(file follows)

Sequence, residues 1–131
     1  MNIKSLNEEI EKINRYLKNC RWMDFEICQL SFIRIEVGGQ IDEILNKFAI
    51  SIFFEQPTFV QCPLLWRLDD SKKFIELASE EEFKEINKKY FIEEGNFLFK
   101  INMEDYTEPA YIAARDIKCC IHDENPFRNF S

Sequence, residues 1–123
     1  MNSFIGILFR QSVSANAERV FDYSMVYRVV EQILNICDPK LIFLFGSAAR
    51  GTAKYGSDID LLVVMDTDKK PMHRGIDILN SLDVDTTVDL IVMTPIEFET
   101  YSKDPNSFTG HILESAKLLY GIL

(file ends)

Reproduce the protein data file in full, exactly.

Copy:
Sequence, residues 1–131
     1  MNIKSLNEEI EKINRYLKNC RWMDFEICQL SFIRIEVGGQ IDEILNKFAI
    51  SIFFEQPTFV QCPLLWRLDD SKKFIELASE EEFKEINKKY FIEEGNFLFK
   101  INMEDYTEPA YIAARDIKCC IHDENPFRNF S

Sequence, residues 1–123
     1  MNSFIGILFR QSVSANAERV FDYSMVYRVV EQILNICDPK LIFLFGSAAR
    51  GTAKYGSDID LLVVMDTDKK PMHRGIDILN SLDVDTTVDL IVMTPIEFET
   101  YSKDPNSFTG HILESAKLLY GIL